"There are few, I believe, in this enlightened age, who will not acknowledge that slavery as an institution is a moral and political evil. It is idle to expatiate on its disadvantages. I think it is a greater evil to the white than to the colored race." – Col. Robert E. Lee, United States Army, December 27, 1856

One more point that goes to the heart of the issue of the war. People will say that Lincoln freed the slaves with the Emancipation Proclamation. This was a war measure to try to keep Europe out of the war on the Confederate side. It also freed no person, if you read the text. First, if you ignore the main message, you will see that if the Southern states returned to the union, the proclamation would not go into effect. So much for fighting to free the slaves. The document also excludes every county, parish, and state under control of the union and its forces. The document could have no effect anywhere else, as Lincoln had no legal jurisdiction and no jurisdiction by bayonet. (those areas are excluded) It was simply propaganda. Lincoln had already said he had no Constitutional power to affect slavery earlier, and his actions up to this point back up that. Most people who proclaim this as a great document have never read it, or don’t understand English, the Constitution, or history. But, unfortunately, that is the sorry state of much of today’s education, even higher learning. Remember, U.S. Grant, who had slaves, said "good help is hard to find" and also, "if I believed the war was being fought to free the slaves, I would resign my commission and offer my sword to the other side." I think he knew what most don’t seem to today, it was over money. Follow the money.

I will close this with an offer to help you in any way I can. I have many quotes, and references, and books. It takes a while to learn the truth, but beware: Once you learn the truth you can never go back. I will close with a couple more quotes, which I hope you will peruse in light of the information I have presented.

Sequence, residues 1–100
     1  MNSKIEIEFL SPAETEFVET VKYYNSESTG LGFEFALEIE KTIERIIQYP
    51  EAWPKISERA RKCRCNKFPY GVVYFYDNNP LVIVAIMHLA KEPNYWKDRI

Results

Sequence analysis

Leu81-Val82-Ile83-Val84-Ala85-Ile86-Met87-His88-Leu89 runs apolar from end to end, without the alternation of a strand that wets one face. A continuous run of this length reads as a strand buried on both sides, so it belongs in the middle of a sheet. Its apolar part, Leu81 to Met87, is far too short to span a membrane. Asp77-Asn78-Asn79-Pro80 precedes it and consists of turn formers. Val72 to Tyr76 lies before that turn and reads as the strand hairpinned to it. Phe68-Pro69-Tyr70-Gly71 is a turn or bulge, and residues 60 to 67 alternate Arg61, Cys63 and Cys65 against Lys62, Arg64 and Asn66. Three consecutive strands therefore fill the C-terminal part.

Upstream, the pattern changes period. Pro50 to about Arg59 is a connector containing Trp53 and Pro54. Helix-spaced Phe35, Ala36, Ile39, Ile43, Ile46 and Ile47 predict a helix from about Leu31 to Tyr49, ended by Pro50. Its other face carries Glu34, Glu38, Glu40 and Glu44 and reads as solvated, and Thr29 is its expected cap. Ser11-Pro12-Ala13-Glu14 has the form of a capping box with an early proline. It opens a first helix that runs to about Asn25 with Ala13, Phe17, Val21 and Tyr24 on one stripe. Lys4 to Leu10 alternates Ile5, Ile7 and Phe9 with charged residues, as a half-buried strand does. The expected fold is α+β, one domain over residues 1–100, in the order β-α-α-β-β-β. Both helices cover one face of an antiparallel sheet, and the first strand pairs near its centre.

Sen. Hoar of Massachusetts, speaking of the South on the floor of the U. S. Senate on the 23rd of February, 1889. Sen. Hoar did not understand the South and it’s problems before, during and after Reconstruction, nor was he unbiased toward the South, but he sure did have a good understanding of Southern men.

"They have some qualities which I cannot even presume to claim in an equal degree for the people among whom I, myself, dwell. They have an aptness for command which makes the Southern gentleman, wherever he goes, not a peer only, but a prince. They have a love for home; they have, the best of them, and the most of them, inherited from the great race from which they come, the sense of duty and the instinct of honor as no other people on the face of the earth. They are lovers of home. They have not the mean traits which grow up somewhere in places where money-making is the chief end of life. They have, above all, and giving value to all, that supreme and superb constancy which, without regard to personal ambition and without yielding to the temptation of wealth, without getting tired and without getting diverted, can pursue a great public object, in and out, year after year and generation after generation."

"Nothing fills me with deeper sadness than to see a Southern man apologizing for the defense we made of our inheritance. Our cause was so just, so sacred, that had I known all that has come to pass, had I known what was to be inflicted upon me, all that my country was to suffer, all that our posterity was to endure, I would do it all over again."
— President Jefferson Davis, Confederate States of America

President Davis (whose 200th birthday is this June…great opportunity to teach and reach out) also said: "Truth, though crushed to the ground by overwhelming force, remains the truth."

And especially for my friends in the press:

"Liberty cannot be preserved without a general knowledge among the people… Be not intimidated, therefore, by any terrors, from PUBLISHING with the utmost freedom…nor suffer yourselves to be wheedled out of your liberty by any pretenses of politeness, delicacy, or decency. These, as they are often used, are but three different names for hypocrisy, chicanery, and cowardice."– John Adams

Please feel free to contact me if I can be of service.

Brett Moffatt